Nikkei edges down, exporters fall as yen selling pauses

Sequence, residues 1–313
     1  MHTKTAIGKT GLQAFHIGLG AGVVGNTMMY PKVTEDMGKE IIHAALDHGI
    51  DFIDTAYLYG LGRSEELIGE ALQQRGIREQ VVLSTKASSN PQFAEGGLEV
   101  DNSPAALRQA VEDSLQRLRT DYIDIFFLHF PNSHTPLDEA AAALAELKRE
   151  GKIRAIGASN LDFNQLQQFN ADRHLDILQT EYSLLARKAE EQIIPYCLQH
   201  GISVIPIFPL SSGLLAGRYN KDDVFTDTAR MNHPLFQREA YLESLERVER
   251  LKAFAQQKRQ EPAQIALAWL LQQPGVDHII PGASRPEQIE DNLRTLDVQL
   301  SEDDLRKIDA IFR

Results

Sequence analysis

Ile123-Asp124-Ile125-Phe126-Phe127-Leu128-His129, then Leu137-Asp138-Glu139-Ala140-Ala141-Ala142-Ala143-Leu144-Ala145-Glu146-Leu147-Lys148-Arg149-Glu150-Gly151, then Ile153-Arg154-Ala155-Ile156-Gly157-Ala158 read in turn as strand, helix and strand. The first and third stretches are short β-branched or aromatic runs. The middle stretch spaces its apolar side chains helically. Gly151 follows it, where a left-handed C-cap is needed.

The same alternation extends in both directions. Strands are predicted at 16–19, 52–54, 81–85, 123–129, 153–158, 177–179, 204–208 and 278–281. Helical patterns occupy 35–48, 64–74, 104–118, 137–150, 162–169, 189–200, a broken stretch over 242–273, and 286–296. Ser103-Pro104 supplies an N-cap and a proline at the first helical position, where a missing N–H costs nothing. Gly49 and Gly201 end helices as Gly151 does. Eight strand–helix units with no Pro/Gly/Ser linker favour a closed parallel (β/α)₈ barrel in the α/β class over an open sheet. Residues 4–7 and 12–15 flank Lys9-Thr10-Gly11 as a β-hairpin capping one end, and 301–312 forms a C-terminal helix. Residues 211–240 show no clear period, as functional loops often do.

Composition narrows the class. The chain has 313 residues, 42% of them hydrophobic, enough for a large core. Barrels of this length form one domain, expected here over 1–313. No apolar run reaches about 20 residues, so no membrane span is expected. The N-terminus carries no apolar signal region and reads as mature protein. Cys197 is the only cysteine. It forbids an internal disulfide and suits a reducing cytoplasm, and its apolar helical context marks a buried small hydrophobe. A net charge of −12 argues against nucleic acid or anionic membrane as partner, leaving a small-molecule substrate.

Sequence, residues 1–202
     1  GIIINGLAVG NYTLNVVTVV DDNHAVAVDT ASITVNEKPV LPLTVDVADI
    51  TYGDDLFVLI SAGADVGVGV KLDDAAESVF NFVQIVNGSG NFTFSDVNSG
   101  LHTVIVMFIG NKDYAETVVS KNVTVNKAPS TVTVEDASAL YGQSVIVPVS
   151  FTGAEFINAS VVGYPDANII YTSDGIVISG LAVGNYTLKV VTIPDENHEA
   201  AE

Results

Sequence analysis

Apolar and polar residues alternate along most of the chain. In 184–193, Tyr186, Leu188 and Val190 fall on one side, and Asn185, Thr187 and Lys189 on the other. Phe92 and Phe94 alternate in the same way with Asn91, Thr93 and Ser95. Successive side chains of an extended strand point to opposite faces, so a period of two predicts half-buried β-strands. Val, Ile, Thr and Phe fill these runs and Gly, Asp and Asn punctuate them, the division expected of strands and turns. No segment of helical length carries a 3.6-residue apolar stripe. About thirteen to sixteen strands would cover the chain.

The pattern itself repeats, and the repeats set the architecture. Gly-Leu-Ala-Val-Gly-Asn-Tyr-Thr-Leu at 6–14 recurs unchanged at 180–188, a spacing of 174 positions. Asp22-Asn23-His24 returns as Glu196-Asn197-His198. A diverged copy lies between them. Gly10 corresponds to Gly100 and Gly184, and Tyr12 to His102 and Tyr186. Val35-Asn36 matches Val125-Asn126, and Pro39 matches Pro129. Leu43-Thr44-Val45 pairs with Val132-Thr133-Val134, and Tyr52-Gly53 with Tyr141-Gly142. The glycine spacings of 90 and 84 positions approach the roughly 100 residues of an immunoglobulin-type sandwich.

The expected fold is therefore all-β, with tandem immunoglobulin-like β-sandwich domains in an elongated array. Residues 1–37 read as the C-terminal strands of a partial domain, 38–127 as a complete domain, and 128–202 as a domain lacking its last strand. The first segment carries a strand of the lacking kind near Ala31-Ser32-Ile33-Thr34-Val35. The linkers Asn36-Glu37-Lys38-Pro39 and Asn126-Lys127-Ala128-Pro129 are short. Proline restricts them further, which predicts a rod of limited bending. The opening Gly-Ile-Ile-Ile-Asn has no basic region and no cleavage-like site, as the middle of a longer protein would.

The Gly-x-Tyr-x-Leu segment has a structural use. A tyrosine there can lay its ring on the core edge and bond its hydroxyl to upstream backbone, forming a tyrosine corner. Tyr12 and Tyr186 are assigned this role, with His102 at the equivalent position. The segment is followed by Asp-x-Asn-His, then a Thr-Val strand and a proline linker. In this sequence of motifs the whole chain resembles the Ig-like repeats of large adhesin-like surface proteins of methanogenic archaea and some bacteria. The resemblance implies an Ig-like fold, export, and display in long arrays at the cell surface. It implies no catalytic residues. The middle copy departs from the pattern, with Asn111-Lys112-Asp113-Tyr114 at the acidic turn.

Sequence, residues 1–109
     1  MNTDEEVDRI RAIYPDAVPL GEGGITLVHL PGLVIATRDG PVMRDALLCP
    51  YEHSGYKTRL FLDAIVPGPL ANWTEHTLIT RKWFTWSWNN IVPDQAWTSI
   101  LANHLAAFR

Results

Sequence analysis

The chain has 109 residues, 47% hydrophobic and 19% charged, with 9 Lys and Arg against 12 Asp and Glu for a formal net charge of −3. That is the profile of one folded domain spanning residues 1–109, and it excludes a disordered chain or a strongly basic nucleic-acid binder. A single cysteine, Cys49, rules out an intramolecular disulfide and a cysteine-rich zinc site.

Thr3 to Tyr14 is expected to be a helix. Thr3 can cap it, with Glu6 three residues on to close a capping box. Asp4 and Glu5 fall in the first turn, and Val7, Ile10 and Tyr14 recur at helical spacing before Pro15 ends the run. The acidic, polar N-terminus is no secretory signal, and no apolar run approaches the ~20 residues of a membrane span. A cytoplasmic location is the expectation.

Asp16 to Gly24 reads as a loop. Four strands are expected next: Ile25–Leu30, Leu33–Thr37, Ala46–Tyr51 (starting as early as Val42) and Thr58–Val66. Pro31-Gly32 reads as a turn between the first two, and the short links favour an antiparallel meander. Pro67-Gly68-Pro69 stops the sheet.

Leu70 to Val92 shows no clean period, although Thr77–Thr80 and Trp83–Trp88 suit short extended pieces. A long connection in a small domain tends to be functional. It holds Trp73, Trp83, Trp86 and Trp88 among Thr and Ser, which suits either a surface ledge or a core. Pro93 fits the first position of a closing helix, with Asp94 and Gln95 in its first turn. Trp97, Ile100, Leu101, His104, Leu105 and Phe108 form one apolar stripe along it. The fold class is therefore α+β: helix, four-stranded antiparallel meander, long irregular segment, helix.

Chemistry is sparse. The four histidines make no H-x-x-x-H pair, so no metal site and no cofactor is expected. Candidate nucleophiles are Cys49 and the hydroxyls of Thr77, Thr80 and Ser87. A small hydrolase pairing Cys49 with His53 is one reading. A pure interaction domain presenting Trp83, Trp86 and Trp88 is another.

* Warehouse shares buck weakness on hopes for further monetary easing * Foreigners continue to pour money into Japanese stocks - analyst By Ayai Tomisawa TOKYO, March 13 (Reuters) - Japan's Nikkei share average was down at the midday break on Wednesday after a volatile morning session, with many exporters reversing earlier gains as the yen's weakness paused. The Nikkei dropped 0.5 percent to 12,251.70 after flirting with positive territory several times until exporters sold off as the yen-selling exhausted. The index stood 1.7 percent below a 4-1/2 year high of 12,461.97 hit in early trade on Tuesday. Exporters were weaker after the dollar fell below 96 yen, with Canon Inc dropping 2.1 percent and Toyota Motor Corp shedding 0.5 percent. "The Nikkei is seeing a little correction. When the index moves away from its 25-day moving average by more than 5 percent, there usually is a technical adjustment," said Kenichi Hirano, strategist at Tachibana Securities. The Nikkei is currently trading 5.6 percent above its 25-day moving average of 11,597.42. The broader Topix shed 0.4 percent to 1,031.63. Hot money flows continue to support the Nikkei, though market players said that domestic investors may restrict their activity as they look to new fund allocations after the financial year-end on March 31. "As the fiscal year-end nears, domestic investors sell to adjust their positions; they will likely move to the sidelines soon and they won't invest aggressively until new funds are allocated in April... but hot money is pouring into the Japanese market as foreign investors are buying," said Norihiro Fujito, senior investment strategist at Mitsubishi UFJ Morgan Stanley Securities. On Wednesday, ahead of the market open, foreigners were net buyers of Japanese stocks for the sixth straight day. Warehouse companies, which have large asset values and are beneficiaries of Prime Minister Shinzo Abe's reflationary policy, bucked the weakness. Shibusawa Warehouse Co gained 3.6 percent and Mitsui-Soko Co surged 5.8 percent. Nikon Corp rose 5.0 percent after the Nikkei business daily said that at the close of the current fiscal year ending March 31 the camera maker plans to cut back inventory by 20 percent from December levels, through re-examining its marketing strategy and streamlining production. The Nikkei has gained 18 percent this year and 6 percent this month, as the likely higher overseas income for exporters on the back of the weakening yen and hopes for more monetary easing encouraged investors to back equities. The yen hit a fresh 3-1/2 year low of 96.71 on Tuesday on hopes that the Bank of Japan might deliver expected monetary stimulus sooner rather than later. Japan's main opposition Democratic Party decided on Tuesday to back the government's nominee for the Bank of Japan governor, a lawmaker said, making it certain Haruhiko Kuroda will land the top job at the central bank later this month.
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